We Say Quid Pro Quo a Lot. But What Does It Mean?
How three little Latin words became the heart of a historic political debate
For anyone who thinks Latin scholar James Uden is preoccupied with a dead language, consider the question his boyfriend asked him the other day: “Everyone is saying quid pro quo now—what does it mean?”
Good question. Never before have three Latin words been at the center of the nation’s political debate—repeated, debated, spun, twisted, interpreted, and reinterpreted anew as the Congressional impeachment inquiry unfolds and a parade of witnesses parses President Trump’s July 25 telephone conversation with Ukrainian President Volodymyr Zelensky.
Trump has turned those three words into his defense mantra: “No quid pro quo,” he and his allies have said countless times. He wasn’t threatening to withhold US military aid to Ukraine until Zelensky promised to investigate Joe Biden and his son Hunter. A summary of the telephone call proves it, Trump insists: There was no quid pro quo.
But there was a quid pro quo, say Democrats leading the Congressional inquiry. And back and forth it goes, the phrase amplified by the Washington echo chamber of pundits, talk show hosts, and Twitter, and seized upon, inevitably, by Saturday Night Live this past weekend, and by Stephen Colbert, who quipped: “We’re not quid amateur quo, we’re quid pro quo.”
No wonder Uden’s boyfriend turned to a Latinist for clarification.
“The literal Latin meaning is ‘something for something,’ or ‘one thing for another,’” says Uden, a College of Arts & Sciences associate professor of classical studies. “The basic meaning is a reciprocal relationship: ‘I do this for you, then you do this for me.’”
As an Australian, says Uden, he has remained somewhat aloof from American politics, but the question from his boyfriend prompted him to do some digging. “It turns up for the first time in the Middle Ages and seems to have two separate origins—in English contract law and the medieval pharmacy,” he says.
“Drug recipes in the ancient and medieval worlds could contain all sorts of ingredients—plants, animal products, spices, minerals,” says Uden, who is writing a book on the history of medicine and ancient Rome. If your local apothecary didn’t have all the ingredients on hand to mix up the drug you needed, he says, they would rely on a list of permissible substitutes, and the list was called a quid pro quo.
My word against yours
As for the phrase’s connection with contract law, quid pro quo goes back—way back. David Seipp, a School of Law scholar of English legal history and professor of law, says his searchable database of more than 22,000 English court records shows the phrase turned up more than 50 times in 35 cases between 1410 and 1490. Back then, he says, quid pro quo had to do with forcing people to live up to their promises.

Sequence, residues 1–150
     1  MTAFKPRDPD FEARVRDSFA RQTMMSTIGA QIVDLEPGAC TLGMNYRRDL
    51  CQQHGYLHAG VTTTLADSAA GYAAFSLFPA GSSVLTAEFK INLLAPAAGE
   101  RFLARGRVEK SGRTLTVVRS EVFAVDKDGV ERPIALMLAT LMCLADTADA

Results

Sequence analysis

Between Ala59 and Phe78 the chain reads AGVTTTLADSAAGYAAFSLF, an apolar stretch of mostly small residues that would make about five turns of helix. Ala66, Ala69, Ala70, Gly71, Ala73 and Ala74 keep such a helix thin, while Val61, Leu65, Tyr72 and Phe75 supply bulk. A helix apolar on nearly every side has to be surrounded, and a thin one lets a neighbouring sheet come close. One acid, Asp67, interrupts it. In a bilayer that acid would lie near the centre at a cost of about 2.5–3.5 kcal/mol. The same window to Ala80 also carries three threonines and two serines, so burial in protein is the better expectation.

“Usually there would be a requirement that an agreement be in writing,” says Seipp. “But the phrase quid pro quo is used when there wasn’t anything in writing—it’s just my word against yours.”
In recent years, Seipp says, the phrase has become key to how US courts define corruption and regulate the financing of political campaigns. He points to Chief Justice John Roberts’ words in a 2014 US Supreme Court decision, announcing that any regulation placed on campaign money “must…target what we have called ‘quid pro quo’ corruption or its appearance. That Latin phrase captures the notion of a direct exchange of an official act for money.”
It’s all about politics
So what does all that have to do with Trump, Ukraine, and the impeachment inquiry?
If Democrats can prove Trump offered a quid pro quo to Ukraine’s leaders, then Trump may have a problem. Or it may not matter.
As Seipp reminds us, the Constitution says impeachments are decided by Congress, and Congress isn’t a courtroom. So a roomful of politicians may get their turn to debate the meaning of that 700-year-old phrase quid pro quo.
“This is in a political realm where politicians make these judgments,” Seipp says, “and not courts and judges.”
Displaying slides of Trump, Zelensky, and a map of Ukraine, Elizabeth Coppock, a CAS associate professor of linguistics, analyzed the meaning of quid pro quo in one of her recent language and law classes. She points out that quid pro quo need not be an offer of something positive, but can also be a threat. The threat comes, as Coppock says, “where the speaker commits to carrying out an action that is unfavorable to the hearer, conditional on the [speaker’s] request not being fulfilled.”
The dizzying overuse of three Latin words is straight out of the Trumpian handbook on politics and language, says Joelle Renstrom, a College of General Studies instructor in rhetoric. That the words are in Latin only adds to the confusion. “Anytime you have something from another language, that presents another opportunity to spin and maybe to manipulate,” says Renstrom. “This is about misdirection and confusion. You say it often enough and people say, ‘Okay, I don’t even know what you’re talking about. Whatever. It’s easier to ignore.’”